- The air mover's snout will almost touch the wall, within in 1 to 2 inches.
- All air movers in each area will face the same direction to ensure that air movers are not pushing against each other.
- When placing air movers, we need to consider the need for circulation throughout the affected area.
- Specialty air movers may be necessary if building cavities require air flow.
Board-Up: Securing your home or business
Fitted insert board-up
If doors or windows have been damaged or destroyed in a fire, rain and wind may enter the building and cause further damage. Also, curious onlookers or vandals may attempt to enter a damaged building. To help prevent these problems, it may be necessary to "board-up" the property.
The board-up procedures should provide durable protection for the damaged structure and cause minimal additional damage to building surfaces. Board-up methods include:
- Fitted inserts
- Bolt tension
- Tarps and shrink wrap systems
The cover-over system is easy to install and probably most applicable on roofs. Large expanses of roof can be covered quickly with heavy-duty tarps. Fitted insert board-ups are more difficult to install but are more weather tight than the cover-over system.
Bolt tension methods are relatively easy to install and have the advantage of being weather resistant and difficult for intruders to disengage. Placing carpet or carpet pad on the interior brace will prevent additional damage to wall surfaces.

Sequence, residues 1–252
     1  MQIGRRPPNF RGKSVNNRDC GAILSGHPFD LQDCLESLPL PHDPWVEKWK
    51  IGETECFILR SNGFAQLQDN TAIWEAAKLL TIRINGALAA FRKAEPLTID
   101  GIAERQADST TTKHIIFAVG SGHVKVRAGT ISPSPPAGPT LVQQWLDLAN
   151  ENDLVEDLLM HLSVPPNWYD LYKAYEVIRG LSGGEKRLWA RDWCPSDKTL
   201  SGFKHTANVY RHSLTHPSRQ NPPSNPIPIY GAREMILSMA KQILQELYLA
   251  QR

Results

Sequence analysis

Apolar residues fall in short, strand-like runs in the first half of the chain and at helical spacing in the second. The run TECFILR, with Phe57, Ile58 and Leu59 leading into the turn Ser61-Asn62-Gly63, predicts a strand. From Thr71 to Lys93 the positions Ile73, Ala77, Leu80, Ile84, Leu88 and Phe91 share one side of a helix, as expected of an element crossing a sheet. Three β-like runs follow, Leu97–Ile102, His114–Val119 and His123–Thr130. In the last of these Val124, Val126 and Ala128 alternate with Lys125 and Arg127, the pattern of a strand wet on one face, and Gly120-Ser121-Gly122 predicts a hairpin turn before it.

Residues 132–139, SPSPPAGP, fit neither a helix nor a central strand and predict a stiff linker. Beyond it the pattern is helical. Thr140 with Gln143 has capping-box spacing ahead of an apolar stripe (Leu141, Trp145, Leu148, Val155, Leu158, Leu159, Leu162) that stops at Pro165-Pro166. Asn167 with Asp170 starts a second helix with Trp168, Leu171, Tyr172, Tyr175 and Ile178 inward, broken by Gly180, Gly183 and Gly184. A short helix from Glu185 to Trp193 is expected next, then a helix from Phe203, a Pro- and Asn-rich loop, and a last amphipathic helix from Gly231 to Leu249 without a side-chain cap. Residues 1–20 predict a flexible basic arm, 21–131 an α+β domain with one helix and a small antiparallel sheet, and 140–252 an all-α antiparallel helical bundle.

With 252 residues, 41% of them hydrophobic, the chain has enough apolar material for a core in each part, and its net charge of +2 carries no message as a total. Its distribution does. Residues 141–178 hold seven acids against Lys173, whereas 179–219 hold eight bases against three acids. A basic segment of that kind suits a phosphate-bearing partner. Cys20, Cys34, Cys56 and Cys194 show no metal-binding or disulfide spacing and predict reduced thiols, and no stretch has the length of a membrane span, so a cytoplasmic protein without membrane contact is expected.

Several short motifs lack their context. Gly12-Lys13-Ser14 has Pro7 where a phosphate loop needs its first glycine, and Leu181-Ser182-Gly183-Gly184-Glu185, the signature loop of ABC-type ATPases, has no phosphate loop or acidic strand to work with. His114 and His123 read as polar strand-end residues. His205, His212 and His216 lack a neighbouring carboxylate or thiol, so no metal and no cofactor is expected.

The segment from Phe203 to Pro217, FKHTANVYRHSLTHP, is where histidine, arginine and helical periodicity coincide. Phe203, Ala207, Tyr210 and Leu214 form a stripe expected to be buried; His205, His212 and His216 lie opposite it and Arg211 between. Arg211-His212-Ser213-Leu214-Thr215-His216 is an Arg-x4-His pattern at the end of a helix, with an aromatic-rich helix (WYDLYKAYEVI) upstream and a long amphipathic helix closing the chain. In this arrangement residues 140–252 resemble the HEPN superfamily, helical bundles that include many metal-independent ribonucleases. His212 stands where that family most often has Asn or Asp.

Mitigation services help prevent additional damages. Loss mitigation services include winterization to prevent freezing, controlling corrosion, and cleaning surfaces to prevent staining.
As soot combines with atmospheric water vapor, it becomes acidic. Neutralization of acid smoke residue is a fundamental part of the initial stages of corrosion prevention. In most cases, alkaline solutions are used to help remove and neutralize the acid smoke residue.
After removing the smoke residue from metallic and plastic laminate surfaces, apply an oil-based coating (Many restoration professionals use a common lubricant like WD-40). This treatment will slow down and/or inhibit corrosion and discoloration by airborne smoke particles that remain after the Project Manger completes the emergency service visit. This simple, but often overlooked, step can help to reduce overall replacement costs.
Bomb Cyclone hitting the Midwest
Weather Radar showing the Bomb Cyclone over the Midwest Region.
In early March 2019, we experienced a winter storm that is know as a "Bomb Cyclone", but what is a Bomb Cyclone?
It is an intense and ferocious winter storm, and occurs when there is a rapid pressure drop, falling at least 24 millibars (which measure atmospheric pressure) over 24 hours, know as bombogenesis. This type of winter storm is expected to bring hurricane-force wind gusts, possible blizzard conditions and a flood threat across the Midwest.
The storm's heavy rainfall has caused major flooding and damaged many roads and bridges in Iowa, Nebraska, and Missouri. Numerous creeks and streams were out of their banks and caused widespread flooding. If your home or business is damaged due to flooding, call your trusted advisors at SERVPRO West Kirkwood/Sunset Hills today!
River Flooding Update
River Flooding Updated Map